[00:33:57] You don't wanna put all your eggs back, none eggs in, in, in emailing or cold calling or, you know, you gotta hit 'em everywhere because you just never know which channel is gonna resonate with what person at what time. It depends. There's just too many variables to think that, you know, and, um, you know, you, you gotta really just use everything at your disposal, especially in times, like, Yeah, omnichannel is the only way you have to.

[00:34:24] It's just the, you know, there's a, um, a book that I read when I got into sales development called outbound sales, no fluff by Ryan reer and Rex Brison. They talk about target message, channel timing that that's the formula for outbound target. Who's your target? Is it the right message? Is it the right channel?

[00:34:46] Is it the right? And you're constantly trying to nail down all four of those at the same time to, to, to, you know, boom, it's all locked together, meeting set, or three outta four, send some information follow up in two weeks, cuz timing was off. Yeah. Right. Or. Two outta four, I need to stop emailing directors of HR and email directors of total rewards or, you know, whatever it is.

[00:35:11] It's like, that formula is what you I'm, you know, we're all trying to constantly nail down. Yeah. And then it starts working. It works for a while and then something changes and you gotta switch it up. Yeah. Yeah. All right. The rubiks cube changes and you gotta try it again. Uh, James, thanks so much for coming on sales hustle today.

[00:35:28] Appreciate you brother. Uh, before I let you go, um, tell people where they can connect you through where they can learn more. And also every guest that comes, on's gotta bring some freebie for people. So let people know what you got for 'em. Okay, cool. So, um, I, you can reach out to me on LinkedIn. That's the best place.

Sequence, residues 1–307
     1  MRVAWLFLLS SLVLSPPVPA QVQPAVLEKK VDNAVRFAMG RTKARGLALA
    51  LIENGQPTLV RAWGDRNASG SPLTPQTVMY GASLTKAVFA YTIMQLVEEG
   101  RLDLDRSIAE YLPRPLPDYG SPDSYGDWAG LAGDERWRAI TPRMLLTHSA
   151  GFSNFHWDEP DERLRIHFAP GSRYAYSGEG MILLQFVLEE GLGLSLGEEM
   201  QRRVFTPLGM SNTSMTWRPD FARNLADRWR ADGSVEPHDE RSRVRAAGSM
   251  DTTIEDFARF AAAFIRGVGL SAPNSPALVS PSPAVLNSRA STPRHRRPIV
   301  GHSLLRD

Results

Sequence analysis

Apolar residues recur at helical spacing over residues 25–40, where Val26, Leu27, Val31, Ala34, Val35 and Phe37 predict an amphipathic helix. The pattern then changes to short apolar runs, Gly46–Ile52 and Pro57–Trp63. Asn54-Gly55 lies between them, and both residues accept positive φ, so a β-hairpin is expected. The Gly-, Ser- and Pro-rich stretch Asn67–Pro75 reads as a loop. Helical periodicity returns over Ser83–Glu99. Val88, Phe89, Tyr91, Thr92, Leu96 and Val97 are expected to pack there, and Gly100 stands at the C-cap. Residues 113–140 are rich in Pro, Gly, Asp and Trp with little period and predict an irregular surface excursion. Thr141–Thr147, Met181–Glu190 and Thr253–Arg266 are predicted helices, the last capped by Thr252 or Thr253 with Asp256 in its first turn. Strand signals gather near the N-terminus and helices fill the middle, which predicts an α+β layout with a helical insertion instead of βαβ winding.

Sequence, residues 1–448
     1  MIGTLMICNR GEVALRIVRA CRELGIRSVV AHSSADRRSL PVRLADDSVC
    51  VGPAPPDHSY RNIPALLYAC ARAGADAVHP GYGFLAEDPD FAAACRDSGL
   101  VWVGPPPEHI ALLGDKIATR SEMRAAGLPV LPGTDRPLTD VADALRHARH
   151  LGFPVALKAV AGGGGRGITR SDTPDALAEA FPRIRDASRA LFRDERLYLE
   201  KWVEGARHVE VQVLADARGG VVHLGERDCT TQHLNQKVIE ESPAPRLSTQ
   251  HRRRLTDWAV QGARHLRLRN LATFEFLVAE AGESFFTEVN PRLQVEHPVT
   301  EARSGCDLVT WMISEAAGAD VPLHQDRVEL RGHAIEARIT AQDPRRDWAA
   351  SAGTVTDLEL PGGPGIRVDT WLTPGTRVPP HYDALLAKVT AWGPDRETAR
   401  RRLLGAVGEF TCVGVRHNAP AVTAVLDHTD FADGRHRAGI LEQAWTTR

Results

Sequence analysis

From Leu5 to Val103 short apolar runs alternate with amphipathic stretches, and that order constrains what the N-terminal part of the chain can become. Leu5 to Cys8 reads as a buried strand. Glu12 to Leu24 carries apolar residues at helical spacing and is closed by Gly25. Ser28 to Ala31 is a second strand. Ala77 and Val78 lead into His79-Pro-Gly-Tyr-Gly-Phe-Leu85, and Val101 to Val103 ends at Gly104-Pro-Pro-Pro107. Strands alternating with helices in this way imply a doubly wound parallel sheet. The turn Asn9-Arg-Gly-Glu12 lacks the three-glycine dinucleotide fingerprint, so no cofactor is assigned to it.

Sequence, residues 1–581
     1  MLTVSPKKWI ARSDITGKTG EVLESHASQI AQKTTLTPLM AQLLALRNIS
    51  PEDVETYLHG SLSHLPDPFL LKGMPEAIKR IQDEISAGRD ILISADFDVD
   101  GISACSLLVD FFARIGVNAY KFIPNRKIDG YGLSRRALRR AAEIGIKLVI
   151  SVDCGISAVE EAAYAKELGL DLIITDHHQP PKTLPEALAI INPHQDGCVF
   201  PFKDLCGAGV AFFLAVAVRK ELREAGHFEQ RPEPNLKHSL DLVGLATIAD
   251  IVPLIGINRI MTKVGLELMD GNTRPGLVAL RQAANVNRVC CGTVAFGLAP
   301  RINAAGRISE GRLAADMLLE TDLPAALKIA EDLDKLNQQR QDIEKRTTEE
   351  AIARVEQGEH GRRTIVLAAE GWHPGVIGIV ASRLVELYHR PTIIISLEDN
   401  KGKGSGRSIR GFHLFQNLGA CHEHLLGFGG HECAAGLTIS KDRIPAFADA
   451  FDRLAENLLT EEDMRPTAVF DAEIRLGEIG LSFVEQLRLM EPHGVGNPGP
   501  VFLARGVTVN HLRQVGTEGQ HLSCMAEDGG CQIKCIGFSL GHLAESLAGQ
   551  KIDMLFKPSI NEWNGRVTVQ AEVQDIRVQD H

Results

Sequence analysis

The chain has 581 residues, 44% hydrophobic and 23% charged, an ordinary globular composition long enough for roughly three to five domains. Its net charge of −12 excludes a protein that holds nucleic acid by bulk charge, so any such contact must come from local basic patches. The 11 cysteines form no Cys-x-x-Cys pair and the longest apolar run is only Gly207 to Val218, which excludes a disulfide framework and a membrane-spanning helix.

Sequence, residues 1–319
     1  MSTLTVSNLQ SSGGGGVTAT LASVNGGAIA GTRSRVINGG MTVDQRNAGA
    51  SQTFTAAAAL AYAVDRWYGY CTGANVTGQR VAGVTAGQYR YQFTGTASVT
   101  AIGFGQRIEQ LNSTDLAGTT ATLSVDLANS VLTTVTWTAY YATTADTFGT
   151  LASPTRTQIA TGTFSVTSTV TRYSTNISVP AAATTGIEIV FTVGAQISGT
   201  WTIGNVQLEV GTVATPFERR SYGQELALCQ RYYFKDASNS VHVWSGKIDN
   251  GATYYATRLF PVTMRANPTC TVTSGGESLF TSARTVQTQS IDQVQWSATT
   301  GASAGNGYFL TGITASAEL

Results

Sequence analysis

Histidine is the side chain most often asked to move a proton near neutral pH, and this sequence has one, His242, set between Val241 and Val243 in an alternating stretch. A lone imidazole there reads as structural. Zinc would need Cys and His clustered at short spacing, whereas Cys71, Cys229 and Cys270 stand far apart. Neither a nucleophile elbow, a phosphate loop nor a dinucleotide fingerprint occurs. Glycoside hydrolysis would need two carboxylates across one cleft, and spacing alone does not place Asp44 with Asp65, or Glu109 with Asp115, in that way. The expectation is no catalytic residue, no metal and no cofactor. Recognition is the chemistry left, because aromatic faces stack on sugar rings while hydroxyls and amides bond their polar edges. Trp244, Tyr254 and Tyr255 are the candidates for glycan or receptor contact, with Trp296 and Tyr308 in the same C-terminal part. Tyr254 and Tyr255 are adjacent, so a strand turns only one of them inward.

[00:35:46] Uh, James bought easy to find there on LinkedIn. Um, you know, my piece of actionable advice. For folks out there, um, just really quickly experimentation. Uh, if you're running outbound, you have to experiment. I'd be happy to talk to you about our experimentation boards. It's literally just something we do in a spreadsheet.

[00:36:07] It's not like anything you'd have to pay for, but it's a cool thing that we do for our clients that helps happy to talk about that. Another cool free thing that you can go check out is check dot outbound view.com. It's a really cool free tool that we just released. Uh, and it allows you to find your contacts that you've got in your CRM and link 'em on LinkedIn.

[00:36:28] Find 'em on LinkedIn really easily. Doesn't cost a thing to use. Um, so yeah, we're trying to do all we can here at outbound to help you crack the code on cold outbound. Um, it's tough, but we're doing what we can and, and Colin, uh, thank you so much for. Allowing me to come on, man. This has been great.

[00:36:46] Awesome. Appreciate it. Hey, you stuck around that tells me you're serious about your own sales transformation. If you're tired of doing things the old way and wanna get started in your journey with other people on the same path, head over to sales, cast.community, and crush your numbers on your leaderboard.

[00:37:03] Yeah. It's free sales cast.community. Send me a DM with your best pitch and mention this ad. And I might even give you free access to our best templates.